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Evaluation of a combination of SGLT2 inhibitor and GLP-1 receptor agonist treatment in type 2 diabetes

Gregory Jones, Christopher Sainsbury, Lyndsey McConnell, Feicong Huang, Jennifer Hayden
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Sodium–glucose cotransporter 2 (SGLT2) inhibitors and glucagon-like peptide-1 (GLP-1) receptor agonists both improve glycaemic control and can lead to weight loss, so it would seem logical to use them in combination. We aimed to evaluate clinical experience with this regimen. Retrospective clinical data were collected from electronic patient records of all individuals prescribed a SGLT2 inhibitor (dapagliflozin in this case) as an addition to a GLP-1 receptor agonist across two Scottish health board areas. Clinical data were collected at baseline and at 6–18 months after SGLT2 inhibitor initiation. Discontinuation of therapy and adverse events were recorded. The authors describe their findings and consider their wider impact on clinical practice.

Sodium–glucose cotransporter 2 (SGLT2) inhibitors are agents that competitively inhibit the reabsorption of glucose from the renal proximal tubule, and in doing so increase urinary glucose excretion by about 100 g glucose daily (Day and Bailey, 2015). The class improves both fasting and post-prandial glucose and there are now three SGLT2 inhibitors available in the UK: dapagliflozin, canagliflozin and empagliflozin. Dapagliflozin was the first SGLT2 inhibitor to be licensed in the UK in 2012. At the time of this study, it was the only available SGLT2 inhibitor; canagliflozin and empaglifozin are now also licensed.

The SGLT2 inhibitor class is generally well tolerated; the most reported common adverse events are female genital mycotic and urinary tract infections (Scheen, 2015). Trial data for dapagliflozin have shown a reduction of HbA1c, weight and blood pressure (BP) in people with type 2 diabetes (Ferrannini et al, 2010). The NICE type 2 guidelines recommend that dapagliflozin can be used as part of dual therapy with metformin or in combination with other drugs or with insulin for the treatment of type 2 diabetes (NICE, 2015).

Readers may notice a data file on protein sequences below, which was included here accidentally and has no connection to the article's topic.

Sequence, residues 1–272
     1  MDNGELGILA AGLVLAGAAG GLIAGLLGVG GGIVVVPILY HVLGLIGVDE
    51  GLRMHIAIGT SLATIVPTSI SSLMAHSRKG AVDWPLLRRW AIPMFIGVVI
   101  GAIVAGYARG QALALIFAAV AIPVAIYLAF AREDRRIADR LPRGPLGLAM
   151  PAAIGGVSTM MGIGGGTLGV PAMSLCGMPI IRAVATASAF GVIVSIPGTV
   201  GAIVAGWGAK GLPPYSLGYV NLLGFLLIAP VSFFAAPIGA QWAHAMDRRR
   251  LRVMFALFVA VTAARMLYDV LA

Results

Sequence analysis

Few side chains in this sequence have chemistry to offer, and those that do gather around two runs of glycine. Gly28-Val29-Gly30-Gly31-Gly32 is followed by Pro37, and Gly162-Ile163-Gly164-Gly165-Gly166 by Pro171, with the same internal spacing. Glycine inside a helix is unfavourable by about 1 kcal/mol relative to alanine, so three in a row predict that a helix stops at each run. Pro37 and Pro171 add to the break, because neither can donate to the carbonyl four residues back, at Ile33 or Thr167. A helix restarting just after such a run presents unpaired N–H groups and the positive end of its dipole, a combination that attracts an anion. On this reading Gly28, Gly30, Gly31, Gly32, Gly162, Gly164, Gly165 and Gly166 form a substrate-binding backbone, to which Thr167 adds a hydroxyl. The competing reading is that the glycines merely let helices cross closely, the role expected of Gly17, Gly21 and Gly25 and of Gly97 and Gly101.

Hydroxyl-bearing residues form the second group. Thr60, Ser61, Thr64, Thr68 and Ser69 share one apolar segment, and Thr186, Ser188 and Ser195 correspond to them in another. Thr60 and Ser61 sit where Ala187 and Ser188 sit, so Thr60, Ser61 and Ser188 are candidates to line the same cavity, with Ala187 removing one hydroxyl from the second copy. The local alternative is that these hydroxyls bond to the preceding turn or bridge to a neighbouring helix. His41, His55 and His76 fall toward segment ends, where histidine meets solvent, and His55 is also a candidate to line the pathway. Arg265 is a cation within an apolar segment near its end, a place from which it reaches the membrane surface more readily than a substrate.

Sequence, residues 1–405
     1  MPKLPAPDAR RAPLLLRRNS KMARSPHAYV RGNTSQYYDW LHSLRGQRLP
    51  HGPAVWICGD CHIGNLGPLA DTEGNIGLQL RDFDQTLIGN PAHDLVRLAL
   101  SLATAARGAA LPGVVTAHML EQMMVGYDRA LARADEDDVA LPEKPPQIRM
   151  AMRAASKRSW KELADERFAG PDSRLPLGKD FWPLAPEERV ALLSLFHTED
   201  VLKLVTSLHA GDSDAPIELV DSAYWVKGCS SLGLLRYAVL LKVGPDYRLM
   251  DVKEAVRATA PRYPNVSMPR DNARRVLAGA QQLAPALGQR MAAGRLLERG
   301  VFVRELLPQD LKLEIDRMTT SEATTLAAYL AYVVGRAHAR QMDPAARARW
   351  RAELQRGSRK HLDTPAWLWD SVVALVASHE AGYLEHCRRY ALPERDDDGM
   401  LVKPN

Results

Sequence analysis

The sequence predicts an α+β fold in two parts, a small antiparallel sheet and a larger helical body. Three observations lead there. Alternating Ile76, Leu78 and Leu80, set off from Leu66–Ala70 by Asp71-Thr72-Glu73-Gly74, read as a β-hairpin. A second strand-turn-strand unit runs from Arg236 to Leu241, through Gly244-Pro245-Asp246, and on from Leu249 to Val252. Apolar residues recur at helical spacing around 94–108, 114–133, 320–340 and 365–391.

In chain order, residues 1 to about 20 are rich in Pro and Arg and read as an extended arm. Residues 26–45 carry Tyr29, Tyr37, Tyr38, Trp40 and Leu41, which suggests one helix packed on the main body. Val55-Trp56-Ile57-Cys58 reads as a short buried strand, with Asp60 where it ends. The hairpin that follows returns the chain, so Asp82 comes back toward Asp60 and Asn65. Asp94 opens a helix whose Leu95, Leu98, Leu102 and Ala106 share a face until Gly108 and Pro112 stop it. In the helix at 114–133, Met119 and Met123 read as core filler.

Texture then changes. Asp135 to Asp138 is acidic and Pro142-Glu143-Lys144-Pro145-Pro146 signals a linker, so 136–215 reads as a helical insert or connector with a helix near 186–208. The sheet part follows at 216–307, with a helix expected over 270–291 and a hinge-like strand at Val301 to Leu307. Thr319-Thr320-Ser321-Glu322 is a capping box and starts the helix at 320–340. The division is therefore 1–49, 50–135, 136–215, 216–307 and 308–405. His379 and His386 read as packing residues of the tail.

Glucagon-like peptide-1 (GLP-1) receptor agonists are a class of peptides that bind and activate receptors for the incretin hormone GLP-1 (Day and Bailey, 2015). They encourage insulin secretion and exert satiety effects that facilitate weight loss (Drucker and Nauck, 2006). At the time of writing, there are six available GLP-1 receptor agonists licensed in the UK with different doses and regimens (exenatide twice daily, lixisenatide, liraglutide, exenatide once weekly, dulaglutide and albiglutide once weekly). NICE guidelines recommended that GLP-1 receptor agonists can be used if triple therapy including metformin is not effective or tolerated. In this situation, a combination of metformin, a sulfonylurea and a GLP-1 receptor agonist can be considered (NICE, 2015). The individual should have a BMI of ≥35 kg/m2 and specific psychological or other medical problems associated with obesity, or have a BMI of <35 kg/m2 and for whom insulin would not be a suitable intensification due to their occupation or weight loss would benefit other significant obesity-related comorbidities.